It's an interesting thing. This theme, about the power of speech, comes up again in relation to Pesach, in the famous thought that has trickled down to us from the Arizal, the great Kabbalist... He said that there is an allusion to speech in the word "Pesach," because the word can be parsed to become "peh sach," the mouth speaks. What does the mouth speaking have to do with the holiday of Pesach? A lot, says the Arizal. The depth and the sharpest point of the exile in Egypt was that the Jewish people did not speak their own language. And the high point of their redemption was that they resumed speaking their own language.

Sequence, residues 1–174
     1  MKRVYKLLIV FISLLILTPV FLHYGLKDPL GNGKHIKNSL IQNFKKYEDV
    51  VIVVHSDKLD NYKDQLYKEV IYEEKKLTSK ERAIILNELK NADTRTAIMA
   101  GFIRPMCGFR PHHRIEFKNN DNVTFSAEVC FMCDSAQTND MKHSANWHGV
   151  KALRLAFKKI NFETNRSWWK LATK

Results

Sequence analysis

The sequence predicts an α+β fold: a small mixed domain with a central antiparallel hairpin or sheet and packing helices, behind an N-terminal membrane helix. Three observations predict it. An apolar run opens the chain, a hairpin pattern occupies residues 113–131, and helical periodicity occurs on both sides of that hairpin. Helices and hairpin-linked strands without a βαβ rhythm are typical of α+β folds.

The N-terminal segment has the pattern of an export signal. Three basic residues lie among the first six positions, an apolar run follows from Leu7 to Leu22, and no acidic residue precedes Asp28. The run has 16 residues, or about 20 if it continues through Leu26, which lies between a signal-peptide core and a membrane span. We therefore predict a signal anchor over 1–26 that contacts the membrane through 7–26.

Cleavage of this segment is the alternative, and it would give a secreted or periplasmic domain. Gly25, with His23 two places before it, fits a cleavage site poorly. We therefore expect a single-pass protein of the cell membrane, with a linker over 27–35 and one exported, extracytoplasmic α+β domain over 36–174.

It's obvious that the Arizal is not concerned about whether they were speaking Hebrew or Egyptian or any other language. That's not what he's talking about. He is making a very deep and powerful point.
Let's say, for example, that a person is born with an acute and preeminent talent for music. When this person is playing his instrument and making his music, he is clearly expressing the feelings of his innermost being. He is a musician, and he expresses himself through his music. It is the same with a person who is born with a talent for art. When he is painting or drawing or however he articulates his artistic sensibilities, he is clearly expressing the feelings of his innermost being.